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Organ Concert at Scotty’s Castle Enchants Audiences

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Date: June 23, 2011

 

Organ Concert at Scotty’s Castle Enchants Audiences

 

The Death Valley Natural History Association (DVNHA) hosted three organ concerts, performed by organist James Welch, on June 17 and 18th at Scotty’s Castle in Death Valley National Park. The 3-manual, 15-rank Welte Organ, was originally intended for silent movies to be enjoyed by guests and residences of the Castle. Organist Welch brought the instrument to life with a variety of pieces, including the “Star Spangled Banner”, “Amazing Grace”, “The Battle Hymn of the Republic”, and “California Here I Come”. In addition to being playable from the console, the organ also has a roll-player, and several hundred rolls are stored in the Castle archives. The organ has 1121 pipes, a grand piano, glockenspiel, xylophone, chimes, orchestra bells, sleigh bells, bird calls, cymbals, brass drum, a woodblock, and is played for each public tour of the Castle.

 

The concerts are held annually in early summer because the furniture in the music room at Scotty’s Castle is removed once per year during the annual summer cleaning program. DVNHA and the National Park Service hire interns from around the country who receive special training in the handling of historic objects.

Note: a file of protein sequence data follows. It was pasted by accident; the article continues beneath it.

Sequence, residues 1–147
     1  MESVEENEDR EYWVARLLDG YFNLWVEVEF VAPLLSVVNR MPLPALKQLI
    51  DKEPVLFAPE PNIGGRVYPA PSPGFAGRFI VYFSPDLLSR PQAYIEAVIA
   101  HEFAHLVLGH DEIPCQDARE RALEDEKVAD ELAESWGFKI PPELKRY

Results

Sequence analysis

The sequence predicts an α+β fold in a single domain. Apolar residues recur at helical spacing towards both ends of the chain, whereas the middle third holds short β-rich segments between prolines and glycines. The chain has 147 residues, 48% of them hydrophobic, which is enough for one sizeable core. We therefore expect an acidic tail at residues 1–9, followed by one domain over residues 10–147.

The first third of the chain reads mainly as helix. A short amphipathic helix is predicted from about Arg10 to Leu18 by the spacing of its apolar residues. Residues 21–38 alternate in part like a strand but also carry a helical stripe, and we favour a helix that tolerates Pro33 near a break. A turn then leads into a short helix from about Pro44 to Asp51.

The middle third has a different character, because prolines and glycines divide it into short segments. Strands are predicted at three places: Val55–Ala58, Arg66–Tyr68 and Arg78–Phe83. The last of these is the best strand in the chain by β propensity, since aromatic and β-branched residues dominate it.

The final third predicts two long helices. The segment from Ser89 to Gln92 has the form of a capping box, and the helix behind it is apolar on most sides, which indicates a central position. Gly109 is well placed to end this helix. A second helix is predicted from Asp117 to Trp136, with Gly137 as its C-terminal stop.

At the Saturday evening concert, the DVNHA was honored by Death Valley NP Superintendent Sarah Craighead for surpassing the $3 million mark in donations to the park. The DVNHA has been assisting the park in park projects since 1954 through member contributions, grants, and sales of merchandise within the park. “We appreciate the partnership and the friendship throughout the years” Superintendent Craighead said as she presented a Regional Partnership Award to David Blacker, Executive Director of DVNHA.

 

Response to the concerts was so widespread that it is possible more concerts will be added in 2012. All proceeds from the concert go to the Organ and Chimes Tower Fund for Scotty’s Castle. For more information about the DVNHA, go to www.dvnha.org or call 800-478-8564. For more information about Scotty’s Castle in Death Valley, go to www.nps.gov/deva or call 760-786-2392.

 

 

-NPS-

Did You Know?

Telescope Peak

Telescope Peak in Death Valley National Park was named by Dr. Samuel George in 1861. After climbing the 11,049 foot peak, Dr. George said that he could see so far that it reminded him of looking through a telescope.